If a sequence $(u_n)$ be such that its every subsequence has a subsequence that converges to $0$, then $\lim u_n= 0$

Suppose that $$(u_n)$$ is unbounded above. Then, we pick any arbitrary monotone increasing subsequence $$(v_n)$$ of $$(u_n)$$. But by hypothesis, we can find a subsequence of $$(v_n)$$ that converges to $$0$$. Hence, $$\lim v_n =0$$. Therefore, $$(u_n)$$ must be bounded above.

Again, let $$(u_n)$$ be unbounded below. Then we pick any monotone decreasing subsequence $$(w_n)$$. By similar arguments, $$(u_n)$$ must be bounded below.

Being bounded, it has a finite $$\limsup =l$$ and $$\liminf =m$$.

Hence, there must be convergent subsequences $$(a_n)$$ and $$(b_n)$$ that converge to $$l$$ and $$m$$ respectively. But every subsequences of the above two must converge to $$l$$ and $$m$$ respectively (treating the two as convergent sequences). Again, by hypothesis, they both have subsequences that converge to $$0$$. Therefore, both $$(a_n)$$ and $$(b_n)$$ converge to $$0$$.

In conclusion, $$\limsup u_n = \liminf u_n = 0 =\lim u_n$$

Is this alright?

Here's a more direct approach that also generalizes to limits in any metric space (or any sequential topological space).

Suppose to the contrary that $$u_n$$ does not converge to zero. Then there is a neighborhood $$V$$ of $$0$$ such that infinitely many of the $$u_n$$ are outside $$V$$. Consider these infinitely many $$u_n$$ as a subsequence of the original sequence, $$u_{n_1}, u_{n_2}, \dots$$. But by assumption, the subsequence $$u_{n_k}$$ has a further subsequence that converges to 0, which means that infinitely many of the $$u_{n_k}$$ are in $$V$$. This is a contradiction.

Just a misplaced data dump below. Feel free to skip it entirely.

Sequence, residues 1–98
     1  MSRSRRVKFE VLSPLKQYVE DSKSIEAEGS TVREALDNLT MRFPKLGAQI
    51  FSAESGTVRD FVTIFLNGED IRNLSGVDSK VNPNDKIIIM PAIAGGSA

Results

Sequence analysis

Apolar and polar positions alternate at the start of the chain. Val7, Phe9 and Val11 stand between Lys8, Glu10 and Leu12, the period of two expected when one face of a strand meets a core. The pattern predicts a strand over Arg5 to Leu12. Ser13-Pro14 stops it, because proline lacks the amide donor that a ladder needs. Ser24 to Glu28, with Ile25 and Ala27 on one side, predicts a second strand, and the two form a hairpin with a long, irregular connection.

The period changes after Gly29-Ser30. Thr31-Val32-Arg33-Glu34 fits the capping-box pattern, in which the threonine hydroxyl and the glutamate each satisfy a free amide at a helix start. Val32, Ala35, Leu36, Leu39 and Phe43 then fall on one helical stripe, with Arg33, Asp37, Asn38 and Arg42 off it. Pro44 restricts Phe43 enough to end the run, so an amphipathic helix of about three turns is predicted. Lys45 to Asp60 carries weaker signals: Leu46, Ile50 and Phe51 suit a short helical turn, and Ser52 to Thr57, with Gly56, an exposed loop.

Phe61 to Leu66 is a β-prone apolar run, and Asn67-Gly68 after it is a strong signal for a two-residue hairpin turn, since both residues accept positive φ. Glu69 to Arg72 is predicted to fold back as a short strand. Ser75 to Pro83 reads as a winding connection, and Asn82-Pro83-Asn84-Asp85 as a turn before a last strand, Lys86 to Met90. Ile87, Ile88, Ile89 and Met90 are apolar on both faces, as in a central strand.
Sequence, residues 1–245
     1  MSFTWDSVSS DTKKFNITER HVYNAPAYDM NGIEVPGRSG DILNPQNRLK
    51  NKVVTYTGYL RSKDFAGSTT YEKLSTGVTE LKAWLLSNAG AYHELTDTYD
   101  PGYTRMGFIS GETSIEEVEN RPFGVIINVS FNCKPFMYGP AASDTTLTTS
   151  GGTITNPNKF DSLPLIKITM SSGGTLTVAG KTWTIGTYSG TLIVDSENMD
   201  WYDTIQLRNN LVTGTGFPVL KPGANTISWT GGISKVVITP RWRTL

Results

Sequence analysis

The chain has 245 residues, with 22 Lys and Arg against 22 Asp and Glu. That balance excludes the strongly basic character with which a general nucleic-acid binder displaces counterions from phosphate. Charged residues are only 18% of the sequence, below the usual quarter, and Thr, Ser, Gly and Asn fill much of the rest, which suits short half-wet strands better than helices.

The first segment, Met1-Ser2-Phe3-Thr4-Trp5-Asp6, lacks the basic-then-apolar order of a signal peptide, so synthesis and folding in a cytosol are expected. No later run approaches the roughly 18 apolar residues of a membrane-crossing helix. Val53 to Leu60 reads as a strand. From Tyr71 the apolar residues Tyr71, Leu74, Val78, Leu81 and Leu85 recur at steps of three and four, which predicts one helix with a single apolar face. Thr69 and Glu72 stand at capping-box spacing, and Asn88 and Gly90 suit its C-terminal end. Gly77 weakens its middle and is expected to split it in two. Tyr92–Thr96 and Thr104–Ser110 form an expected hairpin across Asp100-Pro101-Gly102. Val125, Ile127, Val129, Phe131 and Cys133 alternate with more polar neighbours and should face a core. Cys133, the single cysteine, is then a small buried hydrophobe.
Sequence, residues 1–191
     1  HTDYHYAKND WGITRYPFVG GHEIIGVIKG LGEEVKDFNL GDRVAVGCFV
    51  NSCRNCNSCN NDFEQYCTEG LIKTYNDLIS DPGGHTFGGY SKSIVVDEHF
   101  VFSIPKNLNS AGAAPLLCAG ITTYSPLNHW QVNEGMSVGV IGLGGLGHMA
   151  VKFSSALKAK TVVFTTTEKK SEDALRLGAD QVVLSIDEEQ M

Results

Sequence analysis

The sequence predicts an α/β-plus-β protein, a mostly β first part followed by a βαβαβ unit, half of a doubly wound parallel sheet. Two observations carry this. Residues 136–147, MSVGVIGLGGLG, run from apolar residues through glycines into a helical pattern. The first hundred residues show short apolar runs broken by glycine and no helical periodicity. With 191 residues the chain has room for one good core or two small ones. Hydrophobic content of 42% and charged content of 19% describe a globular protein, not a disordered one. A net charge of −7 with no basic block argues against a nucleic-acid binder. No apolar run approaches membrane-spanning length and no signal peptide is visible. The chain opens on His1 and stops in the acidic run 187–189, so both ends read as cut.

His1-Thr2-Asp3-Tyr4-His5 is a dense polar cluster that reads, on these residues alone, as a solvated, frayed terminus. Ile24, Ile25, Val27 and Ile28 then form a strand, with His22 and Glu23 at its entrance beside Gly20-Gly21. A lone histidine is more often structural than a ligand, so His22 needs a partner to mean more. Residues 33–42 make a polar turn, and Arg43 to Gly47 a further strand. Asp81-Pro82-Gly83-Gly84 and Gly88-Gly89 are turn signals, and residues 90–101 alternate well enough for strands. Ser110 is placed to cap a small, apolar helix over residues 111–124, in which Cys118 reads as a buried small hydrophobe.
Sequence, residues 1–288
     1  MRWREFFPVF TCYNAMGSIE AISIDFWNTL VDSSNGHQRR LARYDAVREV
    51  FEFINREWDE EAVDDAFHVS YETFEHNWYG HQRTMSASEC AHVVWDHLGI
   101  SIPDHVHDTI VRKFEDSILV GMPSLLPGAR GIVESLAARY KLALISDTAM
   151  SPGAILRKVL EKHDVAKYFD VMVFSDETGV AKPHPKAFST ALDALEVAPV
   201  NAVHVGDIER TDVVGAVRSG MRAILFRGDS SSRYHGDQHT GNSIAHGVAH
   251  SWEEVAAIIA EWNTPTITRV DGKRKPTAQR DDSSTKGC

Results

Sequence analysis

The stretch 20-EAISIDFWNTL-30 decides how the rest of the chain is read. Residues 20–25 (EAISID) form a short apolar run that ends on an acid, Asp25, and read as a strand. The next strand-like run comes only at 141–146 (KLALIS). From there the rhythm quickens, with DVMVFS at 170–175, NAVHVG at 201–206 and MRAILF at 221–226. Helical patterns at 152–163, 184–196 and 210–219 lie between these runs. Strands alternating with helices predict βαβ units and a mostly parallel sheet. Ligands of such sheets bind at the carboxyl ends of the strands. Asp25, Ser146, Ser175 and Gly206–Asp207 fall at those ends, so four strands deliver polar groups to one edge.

• This is awesome! May 13, 2019 at 17:59
• Is my proof okay, though? May 13, 2019 at 17:59
• Although it is not generalisable to arbitrary metric spaces. May 13, 2019 at 18:02
• Ignore previous comment, I think your proof is fine. May 13, 2019 at 18:03
• Yes. I should have mentioned that more specifically. May 13, 2019 at 18:04

I think the general idea behind your proof is fine, but your argumentation is lacking.

As my misunderstanding shows, I don't think it is quite clear what the exact argument in your answer is supposed to be. Here is a clearly formulated rendition (which I think is in roughly the same spirit as what you have written)

Suppose $$(u_n)_n$$ is unbounded above. Then there is a subsequence $$(u_{n_k})_k$$ such that $$u_{n_k}\rightarrow0$$ as $$k\rightarrow\infty$$. Since $$(u_n)_n$$ is monotonically increasing, we must have $$u_n\le0$$ for all $$n\in\mathbb{N}$$. This contradicts the unboundedness assumption, hence $$(u_n)_n$$ is bounded above.

Analogously, you show that $$(u_n)_n$$ is unbounded below and then you can proceed with the $$\limsup,\liminf$$ argument. I suggest also rewriting that part in a way to make it clear what the argument, e.g. by contradiction, is.

• That is why I mentioned, "ANY MONOTONICALLY INCREASING SUBSEQUENCE". not just a particular one. May 13, 2019 at 16:23
• that one statement covers your case too. But I agree with your opinion that this proof is lacking some formulation/ proper arrangement. May 13, 2019 at 16:24
• Your first paragraph says "an" instead of "any". Guess that is an unfortunate typo then. I'll edit my answer to reflect how I think your argument is supposed to go. Let me know whether the new version will be closer to what you intended. May 13, 2019 at 16:31